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00000175-b316-d35a-a3f7-bbdeff690001Agenda Texas is KUT's weekly report on the Texas Legislative session. Each week we'll take a deeper look into the policies being considered and explain what they could mean for you and your life. From transportation to education to the environment and everything in between.It's KUT's political podcast that lets you know what's happening under the dome and explains how it hits home.

Agenda Texas: Water Bill Hits the House Floor

The Lower Colorado River Authority is considering reducing or cutting off water to farmers because of dropping lake levels and the ongoing drought.
KUT News
The Lower Colorado River Authority is considering reducing or cutting off water to farmers because of dropping lake levels and the ongoing drought.

Texas lawmakers roll up their sleeves and get down to some serious work this week. From here on out, bills will be flying out of committee to the House and Senate floors for debate.

Finally Funding Water Projects:

Among the bills getting a full debate this week is the water bill. The Texas Tribune's Executive Editor Ross Ramsey said the House is taking up what is by far the most important bill of the week.

“They’ve been talking about [this bill] almost since last session ended," Ramsey said.

"Texas has been in a drought. We’ve got a bunch of little towns that are in trouble of losing their water. Wichita Falls is now on the list of cities that could go to stage 4 the strictest restrictions within 180 days. Which is sort of big news, that’s a city of 100-thousand people.”

STAAR Cuts Get a Vote:

House lawmakers are also taking up a bill that would dramatically change the state’s public education accountability testing system by dropping the number of tests students must pass to graduate high school.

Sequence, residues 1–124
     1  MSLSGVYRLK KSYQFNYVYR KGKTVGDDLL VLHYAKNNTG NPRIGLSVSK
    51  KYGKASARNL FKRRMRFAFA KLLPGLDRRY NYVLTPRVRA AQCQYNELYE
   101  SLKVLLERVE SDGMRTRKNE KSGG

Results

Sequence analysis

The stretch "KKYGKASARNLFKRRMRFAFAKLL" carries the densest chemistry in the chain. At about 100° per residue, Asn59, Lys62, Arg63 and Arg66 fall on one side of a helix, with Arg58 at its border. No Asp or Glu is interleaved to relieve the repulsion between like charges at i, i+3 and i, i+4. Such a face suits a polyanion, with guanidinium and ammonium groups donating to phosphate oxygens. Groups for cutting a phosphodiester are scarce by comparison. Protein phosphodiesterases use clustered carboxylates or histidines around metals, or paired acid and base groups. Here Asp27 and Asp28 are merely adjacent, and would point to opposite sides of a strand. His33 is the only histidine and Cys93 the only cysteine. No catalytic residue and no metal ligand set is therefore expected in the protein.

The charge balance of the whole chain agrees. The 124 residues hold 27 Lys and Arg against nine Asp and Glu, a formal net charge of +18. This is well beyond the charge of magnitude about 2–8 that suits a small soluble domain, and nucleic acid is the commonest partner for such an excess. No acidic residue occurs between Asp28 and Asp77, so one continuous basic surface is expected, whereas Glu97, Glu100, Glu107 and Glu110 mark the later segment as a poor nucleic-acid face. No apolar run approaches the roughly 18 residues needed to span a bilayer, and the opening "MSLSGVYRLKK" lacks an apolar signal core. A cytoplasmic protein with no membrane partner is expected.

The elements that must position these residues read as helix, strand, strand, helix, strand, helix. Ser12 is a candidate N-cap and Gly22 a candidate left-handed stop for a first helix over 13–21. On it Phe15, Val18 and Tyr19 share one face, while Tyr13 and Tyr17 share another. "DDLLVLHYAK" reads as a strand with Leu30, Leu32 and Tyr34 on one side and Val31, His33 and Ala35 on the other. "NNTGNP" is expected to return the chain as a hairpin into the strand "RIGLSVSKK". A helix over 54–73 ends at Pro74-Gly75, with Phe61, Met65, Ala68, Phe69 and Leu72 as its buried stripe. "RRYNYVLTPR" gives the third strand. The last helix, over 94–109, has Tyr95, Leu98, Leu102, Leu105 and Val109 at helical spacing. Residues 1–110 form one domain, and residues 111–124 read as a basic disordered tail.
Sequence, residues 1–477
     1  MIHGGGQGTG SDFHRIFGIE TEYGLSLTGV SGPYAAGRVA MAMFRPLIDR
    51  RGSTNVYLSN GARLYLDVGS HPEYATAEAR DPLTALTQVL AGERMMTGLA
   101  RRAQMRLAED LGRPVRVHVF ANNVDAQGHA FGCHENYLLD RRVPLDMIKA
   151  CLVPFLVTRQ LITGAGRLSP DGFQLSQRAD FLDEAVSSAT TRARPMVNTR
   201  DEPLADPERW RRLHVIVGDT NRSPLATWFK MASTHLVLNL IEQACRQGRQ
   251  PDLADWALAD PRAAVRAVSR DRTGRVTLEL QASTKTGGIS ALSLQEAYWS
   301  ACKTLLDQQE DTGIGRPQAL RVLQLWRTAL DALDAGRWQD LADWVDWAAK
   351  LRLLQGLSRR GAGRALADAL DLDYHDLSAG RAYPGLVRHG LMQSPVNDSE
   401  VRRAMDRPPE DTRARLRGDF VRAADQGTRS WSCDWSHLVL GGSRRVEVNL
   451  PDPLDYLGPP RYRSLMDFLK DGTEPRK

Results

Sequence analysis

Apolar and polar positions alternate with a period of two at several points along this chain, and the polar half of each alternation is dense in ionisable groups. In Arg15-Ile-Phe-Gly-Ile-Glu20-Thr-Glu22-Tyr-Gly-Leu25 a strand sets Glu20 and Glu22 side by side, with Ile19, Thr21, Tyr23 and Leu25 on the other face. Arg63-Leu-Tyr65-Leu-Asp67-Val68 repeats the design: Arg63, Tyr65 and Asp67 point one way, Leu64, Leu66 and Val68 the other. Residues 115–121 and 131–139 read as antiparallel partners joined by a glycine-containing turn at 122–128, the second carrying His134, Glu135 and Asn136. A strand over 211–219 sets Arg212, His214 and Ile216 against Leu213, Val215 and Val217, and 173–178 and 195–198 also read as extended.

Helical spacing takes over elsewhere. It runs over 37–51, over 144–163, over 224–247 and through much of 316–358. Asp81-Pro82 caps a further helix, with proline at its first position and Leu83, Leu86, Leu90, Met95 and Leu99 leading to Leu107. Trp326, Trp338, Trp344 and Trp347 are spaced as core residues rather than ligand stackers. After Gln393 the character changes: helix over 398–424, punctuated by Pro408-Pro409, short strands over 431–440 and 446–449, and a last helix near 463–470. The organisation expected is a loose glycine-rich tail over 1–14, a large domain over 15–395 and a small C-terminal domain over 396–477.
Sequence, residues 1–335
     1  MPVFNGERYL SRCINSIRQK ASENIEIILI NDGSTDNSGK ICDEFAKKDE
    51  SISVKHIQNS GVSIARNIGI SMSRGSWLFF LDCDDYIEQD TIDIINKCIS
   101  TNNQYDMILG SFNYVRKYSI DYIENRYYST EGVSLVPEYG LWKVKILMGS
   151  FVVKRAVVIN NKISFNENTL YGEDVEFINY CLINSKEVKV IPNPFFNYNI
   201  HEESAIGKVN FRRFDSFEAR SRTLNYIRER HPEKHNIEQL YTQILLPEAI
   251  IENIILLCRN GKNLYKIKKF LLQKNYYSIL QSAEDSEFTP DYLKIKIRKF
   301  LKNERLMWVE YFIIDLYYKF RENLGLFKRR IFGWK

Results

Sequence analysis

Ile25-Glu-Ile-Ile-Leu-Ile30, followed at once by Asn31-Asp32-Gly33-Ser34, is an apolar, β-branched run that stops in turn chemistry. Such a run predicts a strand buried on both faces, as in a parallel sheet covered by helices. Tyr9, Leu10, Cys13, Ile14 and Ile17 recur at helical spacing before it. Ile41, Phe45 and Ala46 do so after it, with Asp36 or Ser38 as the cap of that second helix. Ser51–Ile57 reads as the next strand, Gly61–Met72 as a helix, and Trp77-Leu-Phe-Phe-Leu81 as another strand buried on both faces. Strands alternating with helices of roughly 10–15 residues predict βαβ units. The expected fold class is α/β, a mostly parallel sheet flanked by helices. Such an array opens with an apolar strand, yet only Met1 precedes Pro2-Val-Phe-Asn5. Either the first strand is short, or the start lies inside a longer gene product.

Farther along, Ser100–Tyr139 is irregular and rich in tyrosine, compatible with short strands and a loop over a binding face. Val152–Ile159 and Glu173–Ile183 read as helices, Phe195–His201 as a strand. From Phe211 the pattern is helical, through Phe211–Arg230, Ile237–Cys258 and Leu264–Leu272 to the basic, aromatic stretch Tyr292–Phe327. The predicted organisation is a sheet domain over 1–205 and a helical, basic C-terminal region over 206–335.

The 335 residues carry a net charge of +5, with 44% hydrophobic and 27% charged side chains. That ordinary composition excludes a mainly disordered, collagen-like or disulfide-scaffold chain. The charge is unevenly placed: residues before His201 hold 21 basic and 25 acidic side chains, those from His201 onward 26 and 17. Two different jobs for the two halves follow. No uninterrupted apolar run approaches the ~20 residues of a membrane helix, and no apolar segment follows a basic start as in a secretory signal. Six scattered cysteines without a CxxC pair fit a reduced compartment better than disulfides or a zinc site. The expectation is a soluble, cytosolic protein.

Right now, a student must pass 15 tests throughout high school. The bill, House Bill 5 by Killeen Republican Jimmie Don Aycock would drop that number to 5. Texas Education Commissioner Michael Williams has defended the system that’s currently in place.

“The system that the legislature developed is one that got us to the point where we can have at least some bragging rights as it relates to some of our sub-groups, particularly African-Americans and Hispanics. Does it need some degree of modification…I’ll accept that," Williams said.

Williams asks, if cuts must be made, why not a smaller drop to 12 or 8 tests instead?

Trying to Track the Texas Senate:

There's a similar STAAR test bill in the Senate. It could get a vote this week...Or maybe not.

“Well you know the Senate’s a weird place," the Tribune's Ramsey said.

"The House does their calendars in a way where, you can look at the calendar for Monday and say, they’re going to do this and then they’re gonna do this and then they’re gonna do this. In the Senate it’s a much more mystical process. So the Senate comes out and they have a list of things that are on their intent calendar.”

On that calendar this week: a couple of bills that would add new oversight to the embattled Cancer Prevention and Research Institute of Texas. Another would make changes to how the state’s Medicaid acute care services system operates and one that would make it easier for people wrongly imprisoned to sue after their release.

Conservation Leads Water Funding:

House Bill 4 would spend $2 billion out of the state’s so-called Rainy Day fund to get work started on the state’s 50 year water plan. Over the years, a host of projects to keep the water flowing have been proposed, but lawmakers never set aside the money to get any started. 

The state is in the third year of drought, and water planners are forecasting that within the next few decades we won’t have enough water to meet demand. So there’s pressure on lawmakers to start a fund that would give out loans to new projects. The bill that hits the House floor Wednesday would put a strong focus on conservation over water supply. That got applause from Laura Huffman, Texas Director for the Nature Conservancy.

“The issues that we were most concerned with was how conservation would be prioritized as the cheapest, most effective water supply strategy," Huffman said. "They’ve put in place a prioritization scheme that would prioritize those projects that have good conservation plans that are implemented.”

So if fast growing Dallas County wants to bring in more water to sate a rapidly increasing population, city leaders could be made to prove Dallas can better use the water it already has. But first things first, the bill must still make it through debate on the House floor and a merge with a competing Senate bill.

Ben Philpott is the Managing Editor for KUT. Got a tip? Email him at Follow him on Twitter @BenPhilpottKUT.
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